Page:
24  When her days to be delivered were fulfilled, behold, there were twins in her womb.

25  Now the first came forth red, all over like a hairy garment; and they named him Esau.

26  And afterward his brother came forth with his hand holding on to Esau’s heel, so his name was called Jacob; and Isaac was sixty years old when she gave birth to them.

27  When the boys grew up, Esau became a skillful hunter, a man of the field; but Jacob was a peaceful man, living in tents.

28  Now Isaac loved Esau, because he had a taste for game; but Rebekah loved Jacob.

29  And when Jacob had cooked stew, Esau came in from the field and he was famished;

30  and Esau said to Jacob, “Please let me have a swallow of that red stuff there, for I am famished.” Therefore his name was called Edom.

31  But Jacob said, “First sell me your birthright.”

32  And Esau said, “Behold, I am about to die; so of what use then is the birthright to me?”

33  And Jacob said, “First swear to me”; so he swore to him, and sold his birthright to Jacob.


Heb 12:14-17  Pursue peace with all men, and the sanctification without which no one will see the Lord.

15  See to it that no one comes short of the grace of God; that no root of bitterness springing up causes trouble, and by it many be defiled;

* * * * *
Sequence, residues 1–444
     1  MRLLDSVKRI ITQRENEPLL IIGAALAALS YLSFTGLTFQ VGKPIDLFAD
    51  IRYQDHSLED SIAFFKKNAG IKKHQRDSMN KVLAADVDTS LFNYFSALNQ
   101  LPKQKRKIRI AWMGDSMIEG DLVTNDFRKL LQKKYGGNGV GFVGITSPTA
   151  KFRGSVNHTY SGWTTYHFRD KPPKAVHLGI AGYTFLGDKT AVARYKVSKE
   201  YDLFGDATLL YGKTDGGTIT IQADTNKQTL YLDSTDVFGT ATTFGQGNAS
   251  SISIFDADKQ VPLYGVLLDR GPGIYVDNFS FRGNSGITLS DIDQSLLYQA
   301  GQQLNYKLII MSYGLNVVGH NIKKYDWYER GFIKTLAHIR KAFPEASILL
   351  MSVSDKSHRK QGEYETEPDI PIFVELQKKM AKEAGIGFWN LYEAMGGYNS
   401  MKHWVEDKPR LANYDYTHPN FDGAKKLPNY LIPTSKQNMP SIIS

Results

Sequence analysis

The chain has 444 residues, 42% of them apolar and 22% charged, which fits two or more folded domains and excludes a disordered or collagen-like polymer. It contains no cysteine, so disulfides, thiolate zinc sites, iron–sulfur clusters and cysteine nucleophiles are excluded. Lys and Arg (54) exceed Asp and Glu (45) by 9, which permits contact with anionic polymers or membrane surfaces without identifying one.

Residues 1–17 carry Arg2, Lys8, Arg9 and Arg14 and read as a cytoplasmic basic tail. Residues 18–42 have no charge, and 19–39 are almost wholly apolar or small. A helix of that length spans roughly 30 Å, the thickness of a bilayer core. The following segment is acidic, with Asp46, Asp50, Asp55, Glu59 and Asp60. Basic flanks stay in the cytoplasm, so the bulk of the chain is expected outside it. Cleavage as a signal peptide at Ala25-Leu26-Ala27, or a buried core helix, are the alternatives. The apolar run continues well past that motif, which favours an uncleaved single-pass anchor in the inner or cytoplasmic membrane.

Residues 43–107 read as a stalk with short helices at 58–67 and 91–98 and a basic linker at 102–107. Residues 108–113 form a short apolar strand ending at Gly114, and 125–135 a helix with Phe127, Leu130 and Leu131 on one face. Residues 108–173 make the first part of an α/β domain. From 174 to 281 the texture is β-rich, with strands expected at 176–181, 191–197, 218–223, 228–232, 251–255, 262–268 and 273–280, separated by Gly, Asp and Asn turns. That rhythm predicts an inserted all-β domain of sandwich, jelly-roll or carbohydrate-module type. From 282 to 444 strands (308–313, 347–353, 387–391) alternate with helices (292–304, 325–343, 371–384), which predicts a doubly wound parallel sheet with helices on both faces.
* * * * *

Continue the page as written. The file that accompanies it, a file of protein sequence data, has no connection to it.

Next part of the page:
16  that there be no immoral or godless person like Esau, who sold his own birthright for a single meal.

17  For you know that even afterwards, when he desired to inherit the blessing, he was rejected, for he found no place for repentance, though he sought for it with tears.

Mal 1:2-5  “I have loved you,” says the LORD. But you say, “How hast Thou loved us?” “Was not Esau Jacob’s brother?” declares the LORD. “Yet I have loved Jacob;

3  but I have hated Esau, and I have made his mountains a desolation, and appointed his inheritance for the jackals of the wilderness.”

4  Though Edom says, “We have been beaten down, but we will return and build up the ruins”; thus says the LORD of hosts, “They may build, but I will tear down; and men will call them the wicked territory, and the people toward whom the LORD is indignant forever.”

5  And your eyes will see this and you will say, “The LORD be magnified beyond the border of Israel!”


Oba 1:1-17  The vision of Obadiah. Thus says the Lord GOD concerning Edom– We have heard a report from the LORD, And an envoy has been sent among the nations saying, “Arise and let us go against her for battle”–

2  “Behold, I will make you small among the nations; You are greatly despised.

3  “The arrogance of your heart has deceived you, You who live in the clefts of the rock, In the loftiness of your dwelling place, Who say in your heart, ‘Who will bring me down to earth?’

4  “Though you build high like the eagle, Though you set your nest among the stars, From there I will bring you down,” declares the LORD.

5  “If thieves came to you, If robbers by night– O how you will be ruined!– Would they not steal only until they had enough? If grape gatherers came to you, Would they not leave some gleanings?

6  “O how Esau will be ransacked, And his hidden treasures searched out!